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Fanfiction: Generic Genesis and Evolution

About the project

Status: archive

Project team: Mark Algee-Hewitt, Steele Douris;

Collaborators: David McClure;

Start date: Jan 1, 2017

End date: Jun 15, 2020

Last updated: Jan 15, 2023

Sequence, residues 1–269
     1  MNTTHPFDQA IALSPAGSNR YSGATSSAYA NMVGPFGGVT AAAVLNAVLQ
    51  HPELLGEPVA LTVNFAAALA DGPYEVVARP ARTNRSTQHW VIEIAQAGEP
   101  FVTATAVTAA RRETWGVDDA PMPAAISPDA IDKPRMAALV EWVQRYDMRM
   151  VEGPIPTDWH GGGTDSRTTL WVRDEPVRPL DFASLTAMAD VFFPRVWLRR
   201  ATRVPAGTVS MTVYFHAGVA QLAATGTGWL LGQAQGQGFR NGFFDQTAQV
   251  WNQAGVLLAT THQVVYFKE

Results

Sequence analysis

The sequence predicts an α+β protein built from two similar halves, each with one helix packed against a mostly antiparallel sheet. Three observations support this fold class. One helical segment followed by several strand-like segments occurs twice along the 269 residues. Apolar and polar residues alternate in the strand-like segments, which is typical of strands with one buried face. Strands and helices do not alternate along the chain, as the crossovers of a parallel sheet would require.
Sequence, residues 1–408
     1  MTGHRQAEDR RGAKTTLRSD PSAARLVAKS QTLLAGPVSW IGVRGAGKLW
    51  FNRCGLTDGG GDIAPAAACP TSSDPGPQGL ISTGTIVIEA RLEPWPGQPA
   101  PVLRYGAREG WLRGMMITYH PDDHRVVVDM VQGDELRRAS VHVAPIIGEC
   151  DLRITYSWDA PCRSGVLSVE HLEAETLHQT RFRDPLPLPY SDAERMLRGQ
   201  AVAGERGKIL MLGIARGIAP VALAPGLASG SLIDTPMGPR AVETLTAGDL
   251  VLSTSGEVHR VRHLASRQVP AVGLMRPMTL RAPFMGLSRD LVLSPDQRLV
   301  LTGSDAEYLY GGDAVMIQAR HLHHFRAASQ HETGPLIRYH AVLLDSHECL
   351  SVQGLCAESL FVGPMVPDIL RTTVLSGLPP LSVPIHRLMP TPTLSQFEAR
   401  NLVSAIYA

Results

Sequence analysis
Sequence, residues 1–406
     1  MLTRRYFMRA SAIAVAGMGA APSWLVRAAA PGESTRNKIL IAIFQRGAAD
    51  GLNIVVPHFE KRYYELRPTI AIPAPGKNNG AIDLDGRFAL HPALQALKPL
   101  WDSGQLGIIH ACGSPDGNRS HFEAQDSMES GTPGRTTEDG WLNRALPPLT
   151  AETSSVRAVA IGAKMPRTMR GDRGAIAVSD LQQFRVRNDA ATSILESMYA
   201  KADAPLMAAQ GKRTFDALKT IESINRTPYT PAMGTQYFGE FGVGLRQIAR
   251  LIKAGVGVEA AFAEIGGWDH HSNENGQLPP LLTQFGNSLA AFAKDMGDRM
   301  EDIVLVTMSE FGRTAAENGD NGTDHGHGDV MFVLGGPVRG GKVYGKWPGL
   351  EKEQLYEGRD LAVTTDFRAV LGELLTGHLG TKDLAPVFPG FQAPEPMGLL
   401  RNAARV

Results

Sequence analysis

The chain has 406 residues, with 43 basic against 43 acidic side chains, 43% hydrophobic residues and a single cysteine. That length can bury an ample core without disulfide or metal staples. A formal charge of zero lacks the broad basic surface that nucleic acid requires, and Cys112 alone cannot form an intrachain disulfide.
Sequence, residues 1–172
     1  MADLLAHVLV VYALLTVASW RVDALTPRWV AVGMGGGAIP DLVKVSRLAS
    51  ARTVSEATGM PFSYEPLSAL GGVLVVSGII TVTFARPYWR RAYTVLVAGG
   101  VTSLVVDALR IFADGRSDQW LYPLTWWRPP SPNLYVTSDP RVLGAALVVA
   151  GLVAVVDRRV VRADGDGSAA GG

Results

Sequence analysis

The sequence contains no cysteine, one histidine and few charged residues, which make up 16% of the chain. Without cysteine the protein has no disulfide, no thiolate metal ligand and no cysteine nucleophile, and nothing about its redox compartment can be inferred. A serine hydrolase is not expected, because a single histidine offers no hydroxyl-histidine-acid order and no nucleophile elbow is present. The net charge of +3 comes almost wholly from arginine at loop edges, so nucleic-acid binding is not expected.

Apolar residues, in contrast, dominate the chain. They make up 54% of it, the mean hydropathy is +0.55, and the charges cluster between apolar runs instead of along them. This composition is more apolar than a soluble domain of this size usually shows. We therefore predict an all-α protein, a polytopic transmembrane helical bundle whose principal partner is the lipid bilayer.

Since 1998, well over 6 million stories have been uploaded to, the largest fanfiction archive on the internet. This archive offers a unique source of data on prose writing as styles and genres that developed over centuries in published words take place here within decades, years or even week. The goal of this project is to study the development and progression of genre as we mine two decades of fanfiction in order to track both authorial and readerly influence, the development of generic innovation, and the genesis and evolution of specific archetypes and stylistic conventions. The multilingual sub-project of the fan fiction project engages with fan fiction as a global phenomenon. While fanfic may be responding to the same “prompt” of a shared international franchise, the experience of engaging with fanfic can vary depending on which archive a reader uses. Different archives have different subcultures, norms, and technical affordances that influence the ways in which a reader can find and respond to texts — in addition to the ways that these communities are shaped by linguistic and cultural norms. This sub-project compares three facets of metadata across an English, Italian, and Russian fanfic archive: the conceptualization of “genre”, the material that necessitates a “warning”, and how characters are romantically paired (frequency of pairings, conveyance of agency in the relationship, and “slash-fic” or same-sex pairings), exploring the ways that these responses to Harry Potter are informed by language and culture.